FFA rejects Hunter Sports Group Assertions

Football Federation Australia (FFA) has today rejected the assertions made by Hunter Sports Group (HSG) in relation to the Newcastle Jets Hyundai A-League licence.

Football Federation Australia (FFA) has today rejected the assertions made by Hunter Sports Group (HSG) in relation to the Newcastle Jets Hyundai A-League licence.

FFA has remained willing to enter formal negotiations and to receive a formal proposal from HSG in order to find a resolution in the best interests of the game in the Hunter Valley.

FFA CEO Ben Buckley reaffirmed this position with HSG CEO Troy Palmer earlier this week.

On Thursday, Mr Palmer informed Mr Buckley that a discussion between Mr Palmer and HSG chairman Nathan Tinkler was due to take place overnight, and that a proposal would be submitted to FFA by lunchtime today (20 April 2012).

No proposal has been submitted and no further contact has been made with FFA.

“HSG embarked on a unilateral breach of contract in the first instance and has given FFA no opportunity to have face to face meeting to take place,” said FFA CEO Ben Buckley.

“We are disappointed that no talks have taken place to resolve our differences. The people of Newcastle and the Hunter Valley, and the Jets- players, coaches and staff, have a right to feel betrayed by these actions.

“FFA reaffirms its position that it does not accept that HSG has the right to return the A-League licence.”

In response to HSG-s media statement today, FFA provides the following facts;

• No formal negotiations have taken place between FFA and HSG over a settlement of this matter since HSG unilateral announcement on 10 April 2012.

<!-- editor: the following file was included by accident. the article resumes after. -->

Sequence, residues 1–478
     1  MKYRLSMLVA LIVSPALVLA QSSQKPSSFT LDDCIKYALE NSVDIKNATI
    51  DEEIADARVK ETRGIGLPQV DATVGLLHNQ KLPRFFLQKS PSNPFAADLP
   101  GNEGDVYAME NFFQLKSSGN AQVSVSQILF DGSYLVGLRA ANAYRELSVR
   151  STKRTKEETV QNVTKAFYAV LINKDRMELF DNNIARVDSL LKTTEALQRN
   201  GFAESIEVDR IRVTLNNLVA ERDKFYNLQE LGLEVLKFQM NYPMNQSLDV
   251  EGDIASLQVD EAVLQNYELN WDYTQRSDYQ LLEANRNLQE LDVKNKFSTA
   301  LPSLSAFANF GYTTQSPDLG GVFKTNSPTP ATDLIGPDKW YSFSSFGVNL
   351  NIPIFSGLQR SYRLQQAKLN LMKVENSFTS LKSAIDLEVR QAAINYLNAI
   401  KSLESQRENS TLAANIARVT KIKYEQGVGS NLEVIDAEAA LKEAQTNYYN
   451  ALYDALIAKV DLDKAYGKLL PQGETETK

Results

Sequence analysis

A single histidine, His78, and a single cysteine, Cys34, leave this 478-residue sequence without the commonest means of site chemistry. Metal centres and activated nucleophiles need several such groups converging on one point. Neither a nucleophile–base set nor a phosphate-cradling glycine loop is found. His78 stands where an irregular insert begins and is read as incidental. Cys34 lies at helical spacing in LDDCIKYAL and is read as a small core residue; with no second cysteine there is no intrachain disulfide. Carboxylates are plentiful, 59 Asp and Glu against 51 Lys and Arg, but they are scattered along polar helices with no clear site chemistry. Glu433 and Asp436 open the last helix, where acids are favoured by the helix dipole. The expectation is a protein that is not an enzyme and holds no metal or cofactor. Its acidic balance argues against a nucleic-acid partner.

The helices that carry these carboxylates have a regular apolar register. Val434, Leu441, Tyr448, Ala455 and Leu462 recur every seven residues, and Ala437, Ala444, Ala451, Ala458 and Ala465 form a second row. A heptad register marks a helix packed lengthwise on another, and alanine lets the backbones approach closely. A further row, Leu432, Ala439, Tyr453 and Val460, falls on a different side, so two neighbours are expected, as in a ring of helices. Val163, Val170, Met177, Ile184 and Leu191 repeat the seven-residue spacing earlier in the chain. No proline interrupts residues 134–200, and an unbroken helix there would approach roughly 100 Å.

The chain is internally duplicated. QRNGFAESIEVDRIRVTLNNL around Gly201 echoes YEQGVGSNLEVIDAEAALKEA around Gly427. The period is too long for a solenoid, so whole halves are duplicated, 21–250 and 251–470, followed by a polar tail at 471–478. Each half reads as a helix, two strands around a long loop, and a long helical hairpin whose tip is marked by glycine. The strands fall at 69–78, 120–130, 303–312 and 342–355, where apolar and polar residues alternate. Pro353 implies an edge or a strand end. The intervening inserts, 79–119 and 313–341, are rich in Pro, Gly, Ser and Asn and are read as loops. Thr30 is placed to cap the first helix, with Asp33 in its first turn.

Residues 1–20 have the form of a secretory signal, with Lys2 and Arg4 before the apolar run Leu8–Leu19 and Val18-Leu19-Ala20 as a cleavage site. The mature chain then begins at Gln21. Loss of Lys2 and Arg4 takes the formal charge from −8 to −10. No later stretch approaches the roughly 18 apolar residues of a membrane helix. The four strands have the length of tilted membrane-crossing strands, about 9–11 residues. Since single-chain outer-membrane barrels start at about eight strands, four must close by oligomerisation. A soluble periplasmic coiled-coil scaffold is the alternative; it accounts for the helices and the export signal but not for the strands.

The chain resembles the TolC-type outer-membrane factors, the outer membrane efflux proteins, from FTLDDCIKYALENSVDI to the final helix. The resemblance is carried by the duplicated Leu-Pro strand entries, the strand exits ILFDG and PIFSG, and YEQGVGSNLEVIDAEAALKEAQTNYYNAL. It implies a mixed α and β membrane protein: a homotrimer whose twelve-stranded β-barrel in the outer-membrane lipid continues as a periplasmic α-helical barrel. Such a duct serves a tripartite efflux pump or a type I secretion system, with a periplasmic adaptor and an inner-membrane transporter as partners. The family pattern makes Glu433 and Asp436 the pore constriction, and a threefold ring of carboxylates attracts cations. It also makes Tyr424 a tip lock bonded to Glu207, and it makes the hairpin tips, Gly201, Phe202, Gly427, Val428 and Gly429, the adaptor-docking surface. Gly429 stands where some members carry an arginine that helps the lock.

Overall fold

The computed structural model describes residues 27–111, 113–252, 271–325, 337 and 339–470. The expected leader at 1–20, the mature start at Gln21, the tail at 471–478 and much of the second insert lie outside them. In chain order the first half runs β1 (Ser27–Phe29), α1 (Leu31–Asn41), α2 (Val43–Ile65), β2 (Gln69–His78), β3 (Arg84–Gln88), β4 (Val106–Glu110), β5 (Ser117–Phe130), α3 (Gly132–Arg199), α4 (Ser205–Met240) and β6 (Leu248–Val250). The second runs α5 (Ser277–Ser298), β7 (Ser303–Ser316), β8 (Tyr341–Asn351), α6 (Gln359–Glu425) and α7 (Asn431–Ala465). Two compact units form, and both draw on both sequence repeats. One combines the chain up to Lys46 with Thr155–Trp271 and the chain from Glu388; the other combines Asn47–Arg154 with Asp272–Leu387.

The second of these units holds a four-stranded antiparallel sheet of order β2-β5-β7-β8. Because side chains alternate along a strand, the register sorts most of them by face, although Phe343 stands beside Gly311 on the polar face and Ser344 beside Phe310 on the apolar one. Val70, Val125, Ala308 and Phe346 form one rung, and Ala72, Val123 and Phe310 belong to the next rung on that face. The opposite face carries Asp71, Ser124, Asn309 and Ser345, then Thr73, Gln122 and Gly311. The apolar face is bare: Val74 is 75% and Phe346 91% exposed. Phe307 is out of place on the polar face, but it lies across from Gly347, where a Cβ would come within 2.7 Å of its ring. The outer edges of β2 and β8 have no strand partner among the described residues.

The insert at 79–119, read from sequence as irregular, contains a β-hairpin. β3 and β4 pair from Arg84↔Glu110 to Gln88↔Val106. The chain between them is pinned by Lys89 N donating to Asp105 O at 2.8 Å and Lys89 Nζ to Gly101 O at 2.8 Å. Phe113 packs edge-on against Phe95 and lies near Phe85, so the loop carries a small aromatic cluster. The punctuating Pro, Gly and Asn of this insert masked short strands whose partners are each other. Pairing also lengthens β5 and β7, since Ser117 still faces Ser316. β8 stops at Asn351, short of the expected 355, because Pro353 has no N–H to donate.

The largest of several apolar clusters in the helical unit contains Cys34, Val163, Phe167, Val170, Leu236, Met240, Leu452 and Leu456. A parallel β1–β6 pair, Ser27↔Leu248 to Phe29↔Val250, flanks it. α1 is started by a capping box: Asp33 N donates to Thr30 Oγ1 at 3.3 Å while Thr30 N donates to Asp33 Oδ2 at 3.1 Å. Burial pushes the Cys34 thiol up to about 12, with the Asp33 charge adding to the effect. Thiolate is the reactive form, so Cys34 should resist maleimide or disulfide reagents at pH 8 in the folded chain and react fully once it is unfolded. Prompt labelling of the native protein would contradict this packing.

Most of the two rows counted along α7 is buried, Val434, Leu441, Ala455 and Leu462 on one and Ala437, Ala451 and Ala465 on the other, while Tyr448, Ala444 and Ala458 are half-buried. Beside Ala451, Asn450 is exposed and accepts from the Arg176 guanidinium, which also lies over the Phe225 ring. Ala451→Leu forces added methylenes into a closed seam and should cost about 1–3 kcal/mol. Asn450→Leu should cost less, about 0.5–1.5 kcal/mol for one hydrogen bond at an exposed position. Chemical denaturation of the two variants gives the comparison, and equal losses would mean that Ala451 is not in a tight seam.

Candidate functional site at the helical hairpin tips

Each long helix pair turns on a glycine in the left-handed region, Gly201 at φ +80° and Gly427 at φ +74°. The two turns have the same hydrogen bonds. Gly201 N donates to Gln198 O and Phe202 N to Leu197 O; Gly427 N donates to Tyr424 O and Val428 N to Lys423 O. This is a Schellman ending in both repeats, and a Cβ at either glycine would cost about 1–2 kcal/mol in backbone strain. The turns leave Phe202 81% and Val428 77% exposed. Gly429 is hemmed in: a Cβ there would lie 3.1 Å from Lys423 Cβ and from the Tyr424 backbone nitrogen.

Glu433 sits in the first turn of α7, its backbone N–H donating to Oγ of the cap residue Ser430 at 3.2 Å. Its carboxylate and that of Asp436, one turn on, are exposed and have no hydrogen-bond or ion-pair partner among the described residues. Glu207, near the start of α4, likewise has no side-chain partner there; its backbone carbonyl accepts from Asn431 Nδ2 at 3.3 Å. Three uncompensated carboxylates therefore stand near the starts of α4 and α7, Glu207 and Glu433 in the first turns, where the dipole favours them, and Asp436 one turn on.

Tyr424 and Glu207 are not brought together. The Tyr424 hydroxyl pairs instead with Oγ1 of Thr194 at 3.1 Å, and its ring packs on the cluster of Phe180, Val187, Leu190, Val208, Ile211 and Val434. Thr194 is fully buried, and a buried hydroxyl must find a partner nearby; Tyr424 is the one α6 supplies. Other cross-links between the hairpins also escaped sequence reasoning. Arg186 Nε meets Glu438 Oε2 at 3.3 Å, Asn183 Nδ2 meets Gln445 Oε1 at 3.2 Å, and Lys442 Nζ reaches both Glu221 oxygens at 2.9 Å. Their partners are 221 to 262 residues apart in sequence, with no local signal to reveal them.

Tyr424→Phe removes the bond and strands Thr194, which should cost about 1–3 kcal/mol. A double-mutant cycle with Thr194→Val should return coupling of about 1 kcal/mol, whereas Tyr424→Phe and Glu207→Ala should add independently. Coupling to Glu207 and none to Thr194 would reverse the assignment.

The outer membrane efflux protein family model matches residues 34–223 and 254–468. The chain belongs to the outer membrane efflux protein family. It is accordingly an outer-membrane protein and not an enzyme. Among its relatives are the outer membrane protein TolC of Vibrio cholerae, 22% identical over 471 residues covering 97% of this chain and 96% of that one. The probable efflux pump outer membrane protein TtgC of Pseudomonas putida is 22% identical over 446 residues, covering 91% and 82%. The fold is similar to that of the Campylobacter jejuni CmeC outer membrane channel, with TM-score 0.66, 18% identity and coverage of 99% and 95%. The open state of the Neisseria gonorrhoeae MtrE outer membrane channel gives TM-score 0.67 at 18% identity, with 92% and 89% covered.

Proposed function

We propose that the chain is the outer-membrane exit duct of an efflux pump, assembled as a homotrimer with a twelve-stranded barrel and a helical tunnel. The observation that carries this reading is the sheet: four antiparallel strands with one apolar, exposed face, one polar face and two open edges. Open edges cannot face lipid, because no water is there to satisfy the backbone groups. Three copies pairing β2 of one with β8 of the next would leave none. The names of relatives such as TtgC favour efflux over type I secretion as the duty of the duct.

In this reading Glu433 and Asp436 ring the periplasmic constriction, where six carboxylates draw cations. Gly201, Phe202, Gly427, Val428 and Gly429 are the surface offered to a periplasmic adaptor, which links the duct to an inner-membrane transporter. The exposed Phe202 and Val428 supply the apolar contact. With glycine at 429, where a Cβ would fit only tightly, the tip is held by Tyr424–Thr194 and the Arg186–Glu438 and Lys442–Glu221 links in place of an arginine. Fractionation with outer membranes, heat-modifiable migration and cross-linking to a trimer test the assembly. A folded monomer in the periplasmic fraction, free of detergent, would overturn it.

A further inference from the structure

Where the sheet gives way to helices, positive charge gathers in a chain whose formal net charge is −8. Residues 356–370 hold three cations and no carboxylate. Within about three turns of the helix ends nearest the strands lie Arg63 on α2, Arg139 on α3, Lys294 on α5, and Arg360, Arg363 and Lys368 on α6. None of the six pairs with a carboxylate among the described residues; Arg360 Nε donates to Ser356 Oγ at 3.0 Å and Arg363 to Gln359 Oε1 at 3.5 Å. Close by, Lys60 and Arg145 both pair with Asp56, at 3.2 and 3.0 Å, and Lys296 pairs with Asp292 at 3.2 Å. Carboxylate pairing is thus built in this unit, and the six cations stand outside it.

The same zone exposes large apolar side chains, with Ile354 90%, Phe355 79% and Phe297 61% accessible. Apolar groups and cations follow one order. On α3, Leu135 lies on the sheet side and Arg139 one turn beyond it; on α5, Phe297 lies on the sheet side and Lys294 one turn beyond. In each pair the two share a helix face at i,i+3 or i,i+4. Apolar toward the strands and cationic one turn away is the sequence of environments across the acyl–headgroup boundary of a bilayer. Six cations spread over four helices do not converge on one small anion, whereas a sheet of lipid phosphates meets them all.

• FFA did not reject the alleged four-point compromise proposal listed by HSG in its media statement. The first time FFA was aware of the four-point proposal was when it received the HSG media statement today.

• FFA did not set a deadline of 5pm today (20 April 2012) for a formal response to FFA legal correspondence. In fact, HSG-s lawyers have repeatedly sought extensions of time to respond to FFA and that these requests have been granted, including an extension to close of business this Monday 23 April 2012. In relation to the four-point proposal published by HSG, two of the three substantial matters are subject to existing procedures.

“The Jason Culina matter is being heard by an independent arbitrator and it-s right and proper that the matter proceeds in this chamber without interference,” said Mr Buckley.

“The suggestion of a commercial review of the A-League is already a priority for the newly-established Joint A-League Strategic Committee, which is endorsed by the majority of A-League clubs. There-s no need for a $250,000 external review.

“That leaves one matter outstanding, which is the acquisition fee paid by HSG. We have an open offer to enter formal negotiations on this issue, but HSG has repeatedly declined to sit down around the table.”

FFA today reaffirms its commitment to the football community of the Hunter Valley.

“The region is too steeped in football tradition and passion not to be represented in the A-League,” said FFA CEO Ben Buckley.